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HIPAA & the Media

Can a journalist reveal an individual’s COVID-19 diagnosis or are they in violation of HIPAA laws by doing so?

Healthcare and the diagnosis of a person’s well-being are private information in general, but when it comes to reporting, and doing so in a pandemic, suddenly ‘who has what and where are they?’ becomes a matter of public interest even more so. And with social media providing a platform to announce news that goes viral faster, there are many outlets to control. Especially if incorrect information is dispersed.

So where do journalists fall within the HIPAA guidelines?

Short answer: they don’t. Journalists are not covered entities under HIPAA and are within their rights to report on an individual’s health information. They do not need written permission or authorization from a patient that they interview. This also means that school districts, state child protective service agencies, law enforcement agencies, media, and employers are not considered private entities. Should they obtain their information via a medical worker, it would be possible that the medical worker violated HIPAA if they did not have permission from the person affected. This does not mean that they are free from being held accountable. For example, the Society of Professional Journalists has a code of ethics that they are held to, which ‘strives to ensure the free exchange of information that is accurate, fair, and thorough.’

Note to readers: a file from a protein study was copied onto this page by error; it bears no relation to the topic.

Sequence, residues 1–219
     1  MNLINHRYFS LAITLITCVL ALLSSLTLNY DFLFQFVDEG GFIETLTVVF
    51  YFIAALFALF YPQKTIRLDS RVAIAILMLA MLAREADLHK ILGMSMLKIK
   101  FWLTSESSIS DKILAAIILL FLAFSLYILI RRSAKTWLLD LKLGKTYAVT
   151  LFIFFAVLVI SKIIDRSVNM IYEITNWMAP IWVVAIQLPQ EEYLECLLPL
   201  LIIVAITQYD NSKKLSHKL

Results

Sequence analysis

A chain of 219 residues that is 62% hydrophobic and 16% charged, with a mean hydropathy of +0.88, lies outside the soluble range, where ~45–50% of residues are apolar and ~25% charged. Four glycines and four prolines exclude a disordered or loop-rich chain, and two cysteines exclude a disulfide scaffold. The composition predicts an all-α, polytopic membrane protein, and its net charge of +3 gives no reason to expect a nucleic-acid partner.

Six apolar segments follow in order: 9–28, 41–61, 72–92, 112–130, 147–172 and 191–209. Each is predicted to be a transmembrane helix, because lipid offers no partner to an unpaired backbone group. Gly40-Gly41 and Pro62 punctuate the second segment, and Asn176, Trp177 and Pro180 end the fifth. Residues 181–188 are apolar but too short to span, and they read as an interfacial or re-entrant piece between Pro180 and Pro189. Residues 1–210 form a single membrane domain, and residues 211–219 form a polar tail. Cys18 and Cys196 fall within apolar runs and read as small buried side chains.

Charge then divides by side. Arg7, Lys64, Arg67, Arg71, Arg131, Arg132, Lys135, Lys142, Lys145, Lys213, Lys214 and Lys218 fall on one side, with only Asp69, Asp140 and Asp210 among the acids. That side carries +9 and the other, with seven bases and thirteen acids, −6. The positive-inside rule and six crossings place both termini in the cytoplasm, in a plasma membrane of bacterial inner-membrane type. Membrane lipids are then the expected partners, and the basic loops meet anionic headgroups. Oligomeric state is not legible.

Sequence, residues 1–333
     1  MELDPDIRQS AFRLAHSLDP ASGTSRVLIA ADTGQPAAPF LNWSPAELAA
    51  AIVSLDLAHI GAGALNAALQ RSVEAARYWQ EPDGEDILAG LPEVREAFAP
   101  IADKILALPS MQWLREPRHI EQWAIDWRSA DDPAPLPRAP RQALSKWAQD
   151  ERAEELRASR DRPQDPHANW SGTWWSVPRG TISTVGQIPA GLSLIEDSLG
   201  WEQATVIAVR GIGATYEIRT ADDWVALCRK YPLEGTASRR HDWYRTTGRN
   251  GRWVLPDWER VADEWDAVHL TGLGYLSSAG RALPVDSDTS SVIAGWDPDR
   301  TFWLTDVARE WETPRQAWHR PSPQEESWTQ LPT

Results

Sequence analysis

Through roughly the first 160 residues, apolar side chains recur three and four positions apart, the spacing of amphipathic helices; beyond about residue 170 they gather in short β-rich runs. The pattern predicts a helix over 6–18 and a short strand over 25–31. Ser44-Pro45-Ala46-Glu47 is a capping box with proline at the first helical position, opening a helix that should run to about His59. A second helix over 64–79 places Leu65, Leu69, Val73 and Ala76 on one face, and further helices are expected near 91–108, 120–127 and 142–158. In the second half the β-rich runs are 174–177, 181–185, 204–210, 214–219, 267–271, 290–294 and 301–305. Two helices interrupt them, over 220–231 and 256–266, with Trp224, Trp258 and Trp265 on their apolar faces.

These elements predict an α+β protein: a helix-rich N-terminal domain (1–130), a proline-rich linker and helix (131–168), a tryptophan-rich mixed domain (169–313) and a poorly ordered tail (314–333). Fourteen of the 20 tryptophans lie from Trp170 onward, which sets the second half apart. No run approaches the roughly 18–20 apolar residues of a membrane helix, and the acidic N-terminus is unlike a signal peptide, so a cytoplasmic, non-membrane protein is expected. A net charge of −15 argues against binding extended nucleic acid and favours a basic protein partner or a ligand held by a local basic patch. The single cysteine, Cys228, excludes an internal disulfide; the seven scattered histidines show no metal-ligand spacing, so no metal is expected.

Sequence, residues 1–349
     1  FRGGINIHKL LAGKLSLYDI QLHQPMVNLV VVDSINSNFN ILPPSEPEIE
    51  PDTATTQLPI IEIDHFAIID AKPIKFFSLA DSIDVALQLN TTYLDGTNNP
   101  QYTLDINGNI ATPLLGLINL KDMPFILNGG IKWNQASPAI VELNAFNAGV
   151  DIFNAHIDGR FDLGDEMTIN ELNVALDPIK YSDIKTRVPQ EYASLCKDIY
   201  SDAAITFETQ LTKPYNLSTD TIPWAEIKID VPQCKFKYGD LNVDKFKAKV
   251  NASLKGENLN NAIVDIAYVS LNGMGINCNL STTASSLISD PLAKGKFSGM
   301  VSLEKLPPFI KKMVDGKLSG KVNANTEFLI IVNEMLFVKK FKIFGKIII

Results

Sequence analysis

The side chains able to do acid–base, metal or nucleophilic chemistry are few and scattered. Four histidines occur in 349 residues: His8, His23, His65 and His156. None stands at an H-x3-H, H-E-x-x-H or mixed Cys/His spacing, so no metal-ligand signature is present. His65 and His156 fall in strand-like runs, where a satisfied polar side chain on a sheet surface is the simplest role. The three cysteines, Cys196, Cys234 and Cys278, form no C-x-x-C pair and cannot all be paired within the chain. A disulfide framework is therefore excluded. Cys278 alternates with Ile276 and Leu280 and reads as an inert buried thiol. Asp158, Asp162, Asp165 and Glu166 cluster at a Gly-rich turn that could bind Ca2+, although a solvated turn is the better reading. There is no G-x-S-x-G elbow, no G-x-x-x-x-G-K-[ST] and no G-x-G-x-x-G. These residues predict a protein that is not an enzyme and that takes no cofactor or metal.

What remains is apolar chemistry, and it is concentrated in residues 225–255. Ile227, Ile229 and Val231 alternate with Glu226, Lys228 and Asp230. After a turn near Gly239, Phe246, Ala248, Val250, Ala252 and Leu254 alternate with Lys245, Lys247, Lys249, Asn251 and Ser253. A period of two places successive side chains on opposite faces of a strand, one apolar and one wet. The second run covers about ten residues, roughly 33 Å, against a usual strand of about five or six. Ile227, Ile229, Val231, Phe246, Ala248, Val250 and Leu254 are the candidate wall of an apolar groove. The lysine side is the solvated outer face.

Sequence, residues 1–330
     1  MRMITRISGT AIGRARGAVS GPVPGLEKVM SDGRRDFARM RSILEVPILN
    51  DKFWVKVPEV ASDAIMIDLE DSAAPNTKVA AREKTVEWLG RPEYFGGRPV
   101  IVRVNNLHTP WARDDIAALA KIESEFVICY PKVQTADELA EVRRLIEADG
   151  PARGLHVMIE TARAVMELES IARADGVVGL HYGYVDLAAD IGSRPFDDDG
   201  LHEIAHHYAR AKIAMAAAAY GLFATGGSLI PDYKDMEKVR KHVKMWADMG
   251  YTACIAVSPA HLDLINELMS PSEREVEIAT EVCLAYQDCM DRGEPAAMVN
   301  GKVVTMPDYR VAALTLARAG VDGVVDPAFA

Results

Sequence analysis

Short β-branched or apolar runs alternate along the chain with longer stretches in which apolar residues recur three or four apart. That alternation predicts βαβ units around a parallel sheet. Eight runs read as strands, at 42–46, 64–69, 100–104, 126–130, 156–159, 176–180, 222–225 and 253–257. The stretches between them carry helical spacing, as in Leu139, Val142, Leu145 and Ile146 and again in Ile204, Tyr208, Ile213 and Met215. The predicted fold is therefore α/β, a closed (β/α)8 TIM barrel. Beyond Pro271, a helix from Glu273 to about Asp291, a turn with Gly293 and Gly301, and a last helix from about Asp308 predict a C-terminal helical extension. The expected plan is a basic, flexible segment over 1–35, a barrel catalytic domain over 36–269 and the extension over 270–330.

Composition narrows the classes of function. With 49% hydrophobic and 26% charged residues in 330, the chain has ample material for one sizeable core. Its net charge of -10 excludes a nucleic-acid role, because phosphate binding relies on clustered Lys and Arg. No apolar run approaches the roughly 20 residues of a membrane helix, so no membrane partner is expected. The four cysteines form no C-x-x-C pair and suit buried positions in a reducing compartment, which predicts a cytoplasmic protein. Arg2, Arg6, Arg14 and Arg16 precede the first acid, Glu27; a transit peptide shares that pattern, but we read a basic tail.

With regard to employers, a positive COVID-19 diagnosis within a place of work means that your employer IS allowed to notify you that this has occurred if it is within your area of work. Additionally, an employer can require employees to notify them if they test positive at any point in time while employed. This requirement can also be applied to notifying them should you be in contact with someone who has tested positive.

These allowances are considered to be especially important when it comes to considering the well-being of the general public, or national safety.